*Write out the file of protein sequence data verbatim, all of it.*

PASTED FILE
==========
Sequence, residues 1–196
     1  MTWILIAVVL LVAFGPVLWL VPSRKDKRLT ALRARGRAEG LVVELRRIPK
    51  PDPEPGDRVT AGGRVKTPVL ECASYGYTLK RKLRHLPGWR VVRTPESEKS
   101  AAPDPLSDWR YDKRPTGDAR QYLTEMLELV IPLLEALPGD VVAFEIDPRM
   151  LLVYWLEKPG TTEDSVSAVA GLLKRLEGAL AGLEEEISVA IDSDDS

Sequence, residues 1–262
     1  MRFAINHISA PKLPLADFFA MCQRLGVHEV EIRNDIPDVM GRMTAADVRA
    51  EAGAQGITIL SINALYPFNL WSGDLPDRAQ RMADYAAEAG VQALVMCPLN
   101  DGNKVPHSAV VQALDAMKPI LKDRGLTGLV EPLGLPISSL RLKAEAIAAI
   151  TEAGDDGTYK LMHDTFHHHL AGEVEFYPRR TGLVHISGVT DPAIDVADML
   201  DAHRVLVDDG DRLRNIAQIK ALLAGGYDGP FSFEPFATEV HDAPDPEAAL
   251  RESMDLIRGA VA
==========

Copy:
Sequence, residues 1–196
     1  MTWILIAVVL LVAFGPVLWL VPSRKDKRLT ALRARGRAEG LVVELRRIPK
    51  PDPEPGDRVT AGGRVKTPVL ECASYGYTLK RKLRHLPGWR VVRTPESEKS
   101  AAPDPLSDWR YDKRPTGDAR QYLTEMLELV IPLLEALPGD VVAFEIDPRM
   151  LLVYWLEKPG TTEDSVSAVA GLLKRLEGAL AGLEEEISVA IDSDDS

Sequence, residues 1–262
     1  MRFAINHISA PKLPLADFFA MCQRLGVHEV EIRNDIPDVM GRMTAADVRA
    51  EAGAQGITIL SINALYPFNL WSGDLPDRAQ RMADYAAEAG VQALVMCPLN
   101  DGNKVPHSAV VQALDAMKPI LKDRGLTGLV EPLGLPISSL RLKAEAIAAI
   151  TEAGDDGTYK LMHDTFHHHL AGEVEFYPRR TGLVHISGVT DPAIDVADML
   201  DAHRVLVDDG DRLRNIAQIK ALLAGGYDGP FSFEPFATEV HDAPDPEAAL
   251  RESMDLIRGA VA